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SFS Annual Meeting

Wednesday, May 23, 2018
09:00 - 10:30

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09:00 - 09:15: / 330 A LANDSCAPE AND REACH SCALE INFLUENCES ON RESIDENT CUTTHROAT TROUT AND DOLLY VARDEN POPULATIONS IN SOUTHEAST ALASKA

5/23/2018  |   09:00 - 09:15   |  330 A

LANDSCAPE AND REACH SCALE INFLUENCES ON RESIDENT CUTTHROAT TROUT AND DOLLY VARDEN POPULATIONS IN SOUTHEAST ALASKA Identifying and understanding relationships between fish and their physical habitat is key to managing watersheds and maintaining fish populations. Studies in the Pacific Northwest USA have focused on anadromous salmonids in watersheds subjected to multiple stressors such as logging, agriculture, or urbanization. We modeled resident cutthroat trout and Dolly Varden at 24 sites above barriers to upstream access in SE Alaska and over eleven years. These fish provide a unique opportunity to examine the influence of landscape conditions on fish distribution and morphology in relatively pristine habitats with unexploited fish populations and without the effects of the marine environment. We present models linking both instream characteristics, e.g., pool area or width depth ratio, and landscape drivers, e.g. elevation or distance to migration barrier, to the probability of fish presence, to the abundance of fish where present, and to fish length. We contrast models for the two species and explore landscape drivers of sympatry and competition. Results from this study provide both a clearer understanding of how landscapes control species distributions and important baseline information for management of forested watersheds.

E. Ashley Steel (Primary Presenter/Author), PNW Research Station, US Forest Service, asteel@fs.fed.us;


Sheila Jacobson (Co-Presenter/Co-Author), Tongass National Forest, US Forest Service, sajacobson@fs.fed.us;


Emil Tucker (Co-Presenter/Co-Author), Tongass National Forest, US Forest Service, etucker@fs.fed.us;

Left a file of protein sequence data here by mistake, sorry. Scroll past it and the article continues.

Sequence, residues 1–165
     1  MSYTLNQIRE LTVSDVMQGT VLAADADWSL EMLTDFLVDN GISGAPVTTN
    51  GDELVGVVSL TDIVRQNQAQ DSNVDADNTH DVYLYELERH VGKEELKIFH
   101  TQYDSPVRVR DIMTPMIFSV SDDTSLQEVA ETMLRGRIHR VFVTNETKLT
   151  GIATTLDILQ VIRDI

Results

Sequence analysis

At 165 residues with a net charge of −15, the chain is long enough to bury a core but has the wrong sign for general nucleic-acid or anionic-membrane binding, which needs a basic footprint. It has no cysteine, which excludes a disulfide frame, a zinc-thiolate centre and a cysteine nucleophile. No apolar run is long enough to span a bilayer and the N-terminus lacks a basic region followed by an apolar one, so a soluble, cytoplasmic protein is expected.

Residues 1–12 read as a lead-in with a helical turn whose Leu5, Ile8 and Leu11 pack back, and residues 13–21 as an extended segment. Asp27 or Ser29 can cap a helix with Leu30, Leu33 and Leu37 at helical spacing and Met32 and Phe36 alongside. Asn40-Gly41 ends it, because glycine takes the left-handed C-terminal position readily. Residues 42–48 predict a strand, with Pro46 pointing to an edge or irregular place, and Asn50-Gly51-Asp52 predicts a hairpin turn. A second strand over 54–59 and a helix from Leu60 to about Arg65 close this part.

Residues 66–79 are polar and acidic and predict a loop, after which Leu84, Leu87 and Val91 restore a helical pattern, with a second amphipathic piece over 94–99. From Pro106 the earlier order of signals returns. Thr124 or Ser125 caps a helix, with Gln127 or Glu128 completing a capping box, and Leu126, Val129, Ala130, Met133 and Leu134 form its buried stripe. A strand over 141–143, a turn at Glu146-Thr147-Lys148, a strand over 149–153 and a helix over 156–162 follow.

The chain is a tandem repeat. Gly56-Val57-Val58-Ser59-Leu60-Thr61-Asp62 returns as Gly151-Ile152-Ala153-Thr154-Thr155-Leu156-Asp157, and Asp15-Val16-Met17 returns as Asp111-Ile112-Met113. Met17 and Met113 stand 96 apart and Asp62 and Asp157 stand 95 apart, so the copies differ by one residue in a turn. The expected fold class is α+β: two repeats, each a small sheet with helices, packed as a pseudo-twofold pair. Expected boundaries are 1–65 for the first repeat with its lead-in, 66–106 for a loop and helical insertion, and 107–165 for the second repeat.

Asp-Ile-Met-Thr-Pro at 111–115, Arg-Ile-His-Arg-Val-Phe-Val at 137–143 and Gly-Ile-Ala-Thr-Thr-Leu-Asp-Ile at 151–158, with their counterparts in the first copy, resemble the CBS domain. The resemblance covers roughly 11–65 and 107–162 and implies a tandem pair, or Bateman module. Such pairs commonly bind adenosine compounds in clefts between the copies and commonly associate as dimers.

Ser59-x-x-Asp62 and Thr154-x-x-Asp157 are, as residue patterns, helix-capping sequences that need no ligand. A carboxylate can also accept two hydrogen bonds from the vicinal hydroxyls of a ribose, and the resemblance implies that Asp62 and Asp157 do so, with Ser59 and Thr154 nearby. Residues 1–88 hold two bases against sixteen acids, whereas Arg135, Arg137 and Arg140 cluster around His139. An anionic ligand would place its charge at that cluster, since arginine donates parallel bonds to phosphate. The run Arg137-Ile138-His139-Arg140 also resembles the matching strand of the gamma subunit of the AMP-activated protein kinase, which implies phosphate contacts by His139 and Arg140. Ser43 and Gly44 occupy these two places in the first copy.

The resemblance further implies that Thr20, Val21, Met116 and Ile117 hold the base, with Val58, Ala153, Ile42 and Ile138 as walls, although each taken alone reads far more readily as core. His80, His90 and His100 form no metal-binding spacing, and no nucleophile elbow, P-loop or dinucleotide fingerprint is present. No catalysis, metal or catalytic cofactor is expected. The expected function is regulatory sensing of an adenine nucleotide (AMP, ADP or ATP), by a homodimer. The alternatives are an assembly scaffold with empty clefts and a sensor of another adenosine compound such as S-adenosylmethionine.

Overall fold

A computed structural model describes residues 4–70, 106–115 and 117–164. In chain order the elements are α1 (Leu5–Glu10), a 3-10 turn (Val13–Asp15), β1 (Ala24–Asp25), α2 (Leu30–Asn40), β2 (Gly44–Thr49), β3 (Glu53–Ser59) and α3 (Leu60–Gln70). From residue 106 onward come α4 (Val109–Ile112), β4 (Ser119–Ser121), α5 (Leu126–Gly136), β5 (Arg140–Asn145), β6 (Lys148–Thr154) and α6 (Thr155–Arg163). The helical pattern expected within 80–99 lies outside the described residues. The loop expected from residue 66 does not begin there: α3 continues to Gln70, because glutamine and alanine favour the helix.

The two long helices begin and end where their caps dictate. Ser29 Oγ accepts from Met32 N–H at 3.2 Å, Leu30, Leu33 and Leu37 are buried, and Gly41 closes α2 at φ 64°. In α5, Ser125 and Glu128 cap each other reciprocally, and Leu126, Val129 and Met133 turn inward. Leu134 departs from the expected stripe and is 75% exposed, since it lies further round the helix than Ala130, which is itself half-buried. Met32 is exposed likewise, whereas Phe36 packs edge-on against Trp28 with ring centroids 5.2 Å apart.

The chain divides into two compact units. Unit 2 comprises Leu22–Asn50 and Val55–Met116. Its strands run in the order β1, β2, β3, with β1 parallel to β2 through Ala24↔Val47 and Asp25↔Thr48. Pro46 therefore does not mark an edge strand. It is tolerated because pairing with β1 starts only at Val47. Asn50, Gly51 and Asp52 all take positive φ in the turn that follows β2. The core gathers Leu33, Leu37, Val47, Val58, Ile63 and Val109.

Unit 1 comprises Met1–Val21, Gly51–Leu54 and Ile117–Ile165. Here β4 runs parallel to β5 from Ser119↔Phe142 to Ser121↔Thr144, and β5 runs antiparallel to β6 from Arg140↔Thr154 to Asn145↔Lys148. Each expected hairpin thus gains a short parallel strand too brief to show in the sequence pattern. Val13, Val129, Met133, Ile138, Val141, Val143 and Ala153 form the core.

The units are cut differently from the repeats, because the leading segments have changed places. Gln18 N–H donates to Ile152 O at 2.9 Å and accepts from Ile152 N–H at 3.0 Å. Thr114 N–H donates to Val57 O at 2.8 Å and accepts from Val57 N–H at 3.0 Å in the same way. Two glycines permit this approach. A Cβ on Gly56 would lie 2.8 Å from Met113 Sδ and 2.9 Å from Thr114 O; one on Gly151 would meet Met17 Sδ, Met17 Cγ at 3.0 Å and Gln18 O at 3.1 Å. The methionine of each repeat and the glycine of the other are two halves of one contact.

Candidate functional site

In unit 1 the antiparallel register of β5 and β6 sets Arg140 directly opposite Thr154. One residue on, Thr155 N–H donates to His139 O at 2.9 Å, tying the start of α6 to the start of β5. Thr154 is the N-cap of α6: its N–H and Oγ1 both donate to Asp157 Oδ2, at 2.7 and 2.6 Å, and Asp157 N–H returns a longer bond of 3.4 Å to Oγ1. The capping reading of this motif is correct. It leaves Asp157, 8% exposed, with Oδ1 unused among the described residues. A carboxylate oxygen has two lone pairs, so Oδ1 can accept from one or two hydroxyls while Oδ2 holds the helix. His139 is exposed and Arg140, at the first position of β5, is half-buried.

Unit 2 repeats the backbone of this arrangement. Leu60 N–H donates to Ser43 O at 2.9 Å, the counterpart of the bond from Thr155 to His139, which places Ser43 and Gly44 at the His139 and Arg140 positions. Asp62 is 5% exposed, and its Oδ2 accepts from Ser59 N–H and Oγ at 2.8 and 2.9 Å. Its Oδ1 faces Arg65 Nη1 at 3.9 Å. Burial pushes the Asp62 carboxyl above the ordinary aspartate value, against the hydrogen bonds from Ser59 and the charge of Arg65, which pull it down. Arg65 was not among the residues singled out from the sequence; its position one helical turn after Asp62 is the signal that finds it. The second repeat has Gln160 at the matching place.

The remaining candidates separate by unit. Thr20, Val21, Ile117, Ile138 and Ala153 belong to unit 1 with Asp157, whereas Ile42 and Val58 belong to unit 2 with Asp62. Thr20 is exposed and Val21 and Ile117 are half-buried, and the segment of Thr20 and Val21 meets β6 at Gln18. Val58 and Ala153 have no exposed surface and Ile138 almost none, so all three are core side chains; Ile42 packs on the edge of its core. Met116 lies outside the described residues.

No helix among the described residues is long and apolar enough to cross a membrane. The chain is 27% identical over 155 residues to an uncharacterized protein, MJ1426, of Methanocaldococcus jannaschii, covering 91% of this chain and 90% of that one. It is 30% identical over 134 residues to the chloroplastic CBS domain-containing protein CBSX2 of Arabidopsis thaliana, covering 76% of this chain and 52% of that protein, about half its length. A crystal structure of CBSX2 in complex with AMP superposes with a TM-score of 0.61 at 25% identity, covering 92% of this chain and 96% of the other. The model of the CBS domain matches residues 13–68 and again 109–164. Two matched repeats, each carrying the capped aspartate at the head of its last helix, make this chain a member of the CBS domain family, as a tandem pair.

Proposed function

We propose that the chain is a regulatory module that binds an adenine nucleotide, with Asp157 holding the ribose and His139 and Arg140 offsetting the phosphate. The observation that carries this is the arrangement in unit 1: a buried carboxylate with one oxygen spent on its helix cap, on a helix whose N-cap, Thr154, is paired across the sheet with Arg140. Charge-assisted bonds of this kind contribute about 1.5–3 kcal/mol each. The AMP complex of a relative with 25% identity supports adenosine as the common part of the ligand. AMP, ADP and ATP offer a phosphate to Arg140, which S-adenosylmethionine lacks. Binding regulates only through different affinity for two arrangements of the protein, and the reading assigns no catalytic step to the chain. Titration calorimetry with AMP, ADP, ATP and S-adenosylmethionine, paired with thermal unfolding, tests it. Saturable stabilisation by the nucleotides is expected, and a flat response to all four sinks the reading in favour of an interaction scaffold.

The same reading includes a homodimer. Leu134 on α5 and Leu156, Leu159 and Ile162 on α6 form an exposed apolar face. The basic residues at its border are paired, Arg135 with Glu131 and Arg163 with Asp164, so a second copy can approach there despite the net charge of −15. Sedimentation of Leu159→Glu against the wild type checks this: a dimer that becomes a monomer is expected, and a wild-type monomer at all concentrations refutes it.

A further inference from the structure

M. Buck Bryant (Co-Presenter/Co-Author), Retired, mdbiii45@gmail.com;


John McDonell (Co-Presenter/Co-Author), Retired, jmcdonell@fs.fed.us;


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09:15 - 09:30: / 330 A ENVIRONMENTAL AND BIOLOGICAL IMPACTS TO CRAYFISH POPULATIONS IN IMPOUNDED AND UNIMPOUNDED STREAMS IN ALABAMA

5/23/2018  |   09:15 - 09:30   |  

ENVIRONMENTAL AND BIOLOGICAL IMPACTS TO CRAYFISH POPULATIONS IN IMPOUNDED AND UNIMPOUNDED STREAMS IN ALABAMA Over half of the world’s rivers have seen changes in the magnitude and timing of flows due to water regulation and increased water usage, affecting the diversity and abundance of stream organisms. We related stream channel characteristics, water quality, predator fish and invasive crayfish abundance to the community structure of native crayfishes in impounded and unimpounded streams in Alabama. Crayfish and fish were sampled and physiochemical variables were measured at 6–10 sites in each of five streams (3 impounded, 2 unimpounded) within Bear Creek and Cahaba River drainages during spring and fall 2015–2017. Impoundment effects were detected in the Bear Creek Drainage. In this drainage, impounded streams’ crayfish assemblages were dominated by 2 crayfish species, while species assemblage gradually shifted as you moved downstream in unimpounded streams. These assemblage differences were best explained by environmental variables impacting habitat and food availability, and growth. The presence of an invasive crayfish species, in Cahaba River drainage streams eliminated the impact of impoundments on native crayfish communities. Both impoundments and invasive species impact native crayfish assemblages, shifting stream community structure throughout stream systems.

Zanethia Barnett (Primary Presenter/Author), University of Mississippi/USDA Forest Service, zanethiabarnett@fs.fed.us;


Susan Adams (Co-Presenter/Co-Author), USDA Forest Service, Center for Bottomland Hardwoods Research, Southern Research Station, sadams01@fs.fed.us;


Clifford Ochs (Co-Presenter/Co-Author), University of Mississippi, byochs@go.olemiss.edu;


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09:30 - 09:45: / 330 A LANDSCAPE APPROACHES TO UNDERSTANDING INVASIONS IN INLAND LAKES

5/23/2018  |   09:30 - 09:45   |  

LANDSCAPE APPROACHES TO UNDERSTANDING INVASIONS IN INLAND LAKES Lakes, like islands, have been model systems for testing important concepts in landscape ecology. I discuss how these landscape-based concepts and multi-scale tools have been used to understand and predict biological invasions. I review a range of approaches, from ecological niche models to studies examining dispersal and incorporating human dimensions. While landscape approaches have been applied in a range of ecosystems, there are clear geographic and taxonomic biases in our understanding. In combination, recently developed analytical techniques and datasets will improve our mechanistic understanding of aquatic invasions and can inform management and conservation of inland lakes.